If I were in a relationship with my crock-pot on Facebook, our status would say, “It’s complicated.” When we began our relationship several years ago, I had such high hopes. We were going to make such beautiful meals together… but after months of trying to make it work, I had to admit it: the little orange light was on, but the romance wasn’t there.
I know, I know; crock-pots are supposed to be God’s gift to the modern cook, creating slow-cooked flavor and fall-off-the-bone-meats with little effort or prep time. And there are plenty of people who swear by them; whole blogs and Pinterest boards devoted to slow-cooker recipes. But I’ve tried some of those recipes, hoping desperately to fall in love with my crock-pot the way these cooks clearly had with theirs, to no avail. Like a one-night stand, I was often left with a bad taste in my mouth – literally. The veggies felt limp, all the dishes were too liquid-y, and I missed the seared-in flavor of sauteing. My crock-pot and I, it seemed, had irreconcilable differences, and were bound to meet but once a month to take care of the necessities – namely, brewing up some stock.
Until Cooking Light published their slow-cooker issue. As you may know, I trust Cooking Light implicitly, and some of those recipes looked pretty tasty, so I thought, I’ll give it one last shot. If Cooking Light can’t make an absolutely to-die-for slow-cooker recipe, then nobody can, and I could call it quits, having confidently given it my all.
I am happy to report that my crock-pot and I have now found some common ground, and are working on our issues over regular dinners. Starting with this Morrocan-inspired Chicken-Chickpea Tagine.
Oh, and here are some other helpful slow-cooking tips from Cooking Light.
Slow-Cooker Chicken Chickpea Tagine
adapted slightly from Cooking Light
Serves 6; Total time: 7 hours, 20 minutes (20 minutes active time)
- 1 1/2 tablespoons canola oil
- 2.5 lbs bone-in skinless chicken thighs (bone-in is GREAT for the crock-pot, and thighs are super flavorful)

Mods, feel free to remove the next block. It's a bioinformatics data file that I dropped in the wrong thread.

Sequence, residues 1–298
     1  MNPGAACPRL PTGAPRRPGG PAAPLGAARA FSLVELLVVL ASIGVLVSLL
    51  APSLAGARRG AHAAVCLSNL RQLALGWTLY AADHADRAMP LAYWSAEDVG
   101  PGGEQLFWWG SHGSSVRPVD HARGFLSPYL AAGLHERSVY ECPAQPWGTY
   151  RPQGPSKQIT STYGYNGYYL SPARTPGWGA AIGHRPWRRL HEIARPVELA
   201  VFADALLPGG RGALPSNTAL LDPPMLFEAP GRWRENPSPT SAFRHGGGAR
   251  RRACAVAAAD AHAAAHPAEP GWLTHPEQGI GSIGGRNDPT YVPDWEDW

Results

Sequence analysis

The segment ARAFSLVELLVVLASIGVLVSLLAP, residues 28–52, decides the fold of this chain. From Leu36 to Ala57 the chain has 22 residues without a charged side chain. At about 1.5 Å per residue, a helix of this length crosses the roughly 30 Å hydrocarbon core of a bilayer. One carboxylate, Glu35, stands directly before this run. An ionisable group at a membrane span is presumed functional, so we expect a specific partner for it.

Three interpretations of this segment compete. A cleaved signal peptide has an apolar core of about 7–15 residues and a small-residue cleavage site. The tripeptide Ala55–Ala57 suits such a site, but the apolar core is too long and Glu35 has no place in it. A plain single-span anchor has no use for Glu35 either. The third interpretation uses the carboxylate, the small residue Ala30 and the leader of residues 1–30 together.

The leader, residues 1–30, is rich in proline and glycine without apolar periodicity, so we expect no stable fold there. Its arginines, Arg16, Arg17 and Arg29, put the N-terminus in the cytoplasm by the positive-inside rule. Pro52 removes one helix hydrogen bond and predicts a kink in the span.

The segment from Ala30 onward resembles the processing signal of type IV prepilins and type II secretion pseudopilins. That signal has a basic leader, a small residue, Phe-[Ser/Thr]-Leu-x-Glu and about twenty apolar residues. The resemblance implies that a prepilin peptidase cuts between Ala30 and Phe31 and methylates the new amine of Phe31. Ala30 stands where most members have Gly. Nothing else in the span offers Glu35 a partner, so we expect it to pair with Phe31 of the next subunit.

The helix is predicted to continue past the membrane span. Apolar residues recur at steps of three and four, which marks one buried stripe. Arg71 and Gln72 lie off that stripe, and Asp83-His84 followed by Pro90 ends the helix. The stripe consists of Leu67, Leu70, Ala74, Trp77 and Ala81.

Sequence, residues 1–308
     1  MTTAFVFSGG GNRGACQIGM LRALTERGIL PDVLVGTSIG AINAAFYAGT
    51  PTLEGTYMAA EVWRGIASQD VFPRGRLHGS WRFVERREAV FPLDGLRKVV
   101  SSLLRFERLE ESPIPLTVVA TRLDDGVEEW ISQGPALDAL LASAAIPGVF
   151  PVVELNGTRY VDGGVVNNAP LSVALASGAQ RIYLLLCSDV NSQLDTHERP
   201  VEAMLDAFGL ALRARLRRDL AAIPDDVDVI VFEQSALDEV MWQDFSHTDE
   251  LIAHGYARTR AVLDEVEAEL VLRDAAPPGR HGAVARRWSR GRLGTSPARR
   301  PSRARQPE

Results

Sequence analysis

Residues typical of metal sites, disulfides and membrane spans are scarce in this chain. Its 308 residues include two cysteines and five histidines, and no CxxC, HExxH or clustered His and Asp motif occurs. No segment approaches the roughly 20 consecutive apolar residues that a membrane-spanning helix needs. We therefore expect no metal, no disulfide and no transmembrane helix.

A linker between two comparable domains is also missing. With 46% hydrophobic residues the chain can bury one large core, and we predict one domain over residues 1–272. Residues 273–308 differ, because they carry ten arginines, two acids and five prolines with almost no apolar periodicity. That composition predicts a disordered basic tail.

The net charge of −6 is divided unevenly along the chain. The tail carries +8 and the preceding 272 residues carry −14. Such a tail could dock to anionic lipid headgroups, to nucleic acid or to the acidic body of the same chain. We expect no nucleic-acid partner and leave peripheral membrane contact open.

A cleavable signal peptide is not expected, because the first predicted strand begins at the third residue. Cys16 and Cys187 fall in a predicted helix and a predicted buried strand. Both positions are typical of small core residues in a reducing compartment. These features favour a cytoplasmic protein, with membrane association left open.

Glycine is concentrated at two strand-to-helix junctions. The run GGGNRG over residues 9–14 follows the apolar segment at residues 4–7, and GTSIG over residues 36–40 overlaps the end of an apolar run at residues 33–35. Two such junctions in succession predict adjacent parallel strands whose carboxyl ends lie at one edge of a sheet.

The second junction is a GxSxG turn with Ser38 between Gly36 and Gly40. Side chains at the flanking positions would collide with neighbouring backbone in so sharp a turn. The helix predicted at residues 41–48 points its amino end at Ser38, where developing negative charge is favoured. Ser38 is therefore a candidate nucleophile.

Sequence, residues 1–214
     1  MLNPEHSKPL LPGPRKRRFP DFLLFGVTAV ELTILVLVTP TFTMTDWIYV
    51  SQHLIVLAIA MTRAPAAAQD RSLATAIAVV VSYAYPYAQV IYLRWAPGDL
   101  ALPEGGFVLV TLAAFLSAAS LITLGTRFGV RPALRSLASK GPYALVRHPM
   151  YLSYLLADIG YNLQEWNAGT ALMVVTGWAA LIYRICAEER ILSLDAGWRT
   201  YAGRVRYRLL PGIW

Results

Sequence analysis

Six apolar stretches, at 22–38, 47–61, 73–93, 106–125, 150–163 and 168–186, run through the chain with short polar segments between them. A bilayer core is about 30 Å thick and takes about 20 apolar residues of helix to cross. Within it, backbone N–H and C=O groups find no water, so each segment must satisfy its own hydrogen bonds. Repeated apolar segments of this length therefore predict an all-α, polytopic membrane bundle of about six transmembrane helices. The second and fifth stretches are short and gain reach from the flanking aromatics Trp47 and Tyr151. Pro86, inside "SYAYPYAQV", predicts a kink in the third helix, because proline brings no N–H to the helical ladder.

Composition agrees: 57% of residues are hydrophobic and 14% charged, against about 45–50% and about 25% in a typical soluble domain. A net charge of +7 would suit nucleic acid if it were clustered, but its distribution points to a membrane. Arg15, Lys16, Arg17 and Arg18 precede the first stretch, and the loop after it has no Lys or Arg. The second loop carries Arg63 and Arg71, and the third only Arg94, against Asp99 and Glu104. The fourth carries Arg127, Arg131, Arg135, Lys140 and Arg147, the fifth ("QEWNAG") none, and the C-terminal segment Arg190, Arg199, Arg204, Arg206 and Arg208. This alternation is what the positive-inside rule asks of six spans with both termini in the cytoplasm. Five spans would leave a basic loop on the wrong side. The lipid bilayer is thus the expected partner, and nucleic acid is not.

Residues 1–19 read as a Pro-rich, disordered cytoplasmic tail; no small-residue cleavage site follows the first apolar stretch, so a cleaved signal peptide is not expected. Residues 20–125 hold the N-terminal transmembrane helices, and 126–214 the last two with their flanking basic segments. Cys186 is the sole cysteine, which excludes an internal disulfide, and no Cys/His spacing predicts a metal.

- 1 1/4 tsp kosher salt, divided
- 1/2 tsp black pepper
- 2 1/2 cups chopped onion
- 1/4 cup finely chopped fresh garlic
- 1 1/4 tsp cumin
- 1 tsp coriander
- 1 tsp paprika
- 3/4 tsp turmeric
- 1/2 tsp ginger
- 1/4 tsp red pepper
- 1 cup unsalted chicken stock
- 1 1/2 teaspoons honey
- 1 (3-inch) cinnamon stick (you can also use 1/2 tsp cinnamon if you don’t have sticks)
- 2/3 cup chopped dried fruit of any kind (original recipe calls for apricots; I had a mix of raisins, cranberries, and cherries)
- 2 (15-ounce) cans chickpeas, rinsed and drained (DO rinse – it gets some of the sodium off)
- 1 cup carrots, chopped (my addition – do not skip)
- 1/4 cup cilantro leaves
Optional: serve with couscous, quinoa, or your other favorite grain.
Brown one side of the chicken
Heat a large skillet over medium-high heat. Add oil to pan; swirl to coat. Sprinkle meaty side of chicken with 1/2 tsp salt and pepper. Add chicken to pan, meaty side down; cook 5 minutes or until well browned. Remove from pan and set aside – you’re only browning one side.
Make those onions nice ‘n spicy
Add onion and garlic to pan; sauté a few minutes. Add all the ground spices and “toast” for 1 minute, stirring constantly. This allows the spices to bloom and I think is the key to the amazing flavor of this dish.
Add remaining 3/4 teaspoon salt, stock, honey, and cinnamon stick, scraping pan to loosen browned bits; bring to a simmer.
Combine it all and turn on the slow-cooker
Pour onion mixture into a 6-quart electric slow cooker. Stir in dried fruit, carrots, and chickpeas. (The onions will all but disappear after so long in the cooker, but they add a wonderful flavor. If you want to really SEE your onions, slice them instead of chopping them.)
Place chicken, browned side up, on top of chickpea mixture. Resist the urge to stir – this makes so much brothy goodness, everything will mix itself together on its own, trust me.
Cover and cook on LOW for 7 hours (or, you know, 9 hours, like I did. I WISH I were only gone from the house for 7 hours on a workday…)
Discard cinnamon stick, and sprinkle with cilantro. Serve with a grain if you wish, or eat as-is for a low-carb, high-protein meal. Leftovers are AWESOME.